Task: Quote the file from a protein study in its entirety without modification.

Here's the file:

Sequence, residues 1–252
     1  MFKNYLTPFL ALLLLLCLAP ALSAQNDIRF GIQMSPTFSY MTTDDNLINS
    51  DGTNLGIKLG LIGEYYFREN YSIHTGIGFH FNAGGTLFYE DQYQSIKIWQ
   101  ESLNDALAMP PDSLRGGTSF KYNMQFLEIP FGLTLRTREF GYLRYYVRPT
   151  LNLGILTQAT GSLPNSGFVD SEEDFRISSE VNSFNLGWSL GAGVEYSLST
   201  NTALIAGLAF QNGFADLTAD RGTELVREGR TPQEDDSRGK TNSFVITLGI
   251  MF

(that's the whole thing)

Sequence, residues 1–252
     1  MFKNYLTPFL ALLLLLCLAP ALSAQNDIRF GIQMSPTFSY MTTDDNLINS
    51  DGTNLGIKLG LIGEYYFREN YSIHTGIGFH FNAGGTLFYE DQYQSIKIWQ
   101  ESLNDALAMP PDSLRGGTSF KYNMQFLEIP FGLTLRTREF GYLRYYVRPT
   151  LNLGILTQAT GSLPNSGFVD SEEDFRISSE VNSFNLGWSL GAGVEYSLST
   201  NTALIAGLAF QNGFADLTAD RGTELVREGR TPQEDDSRGK TNSFVITLGI
   251  MF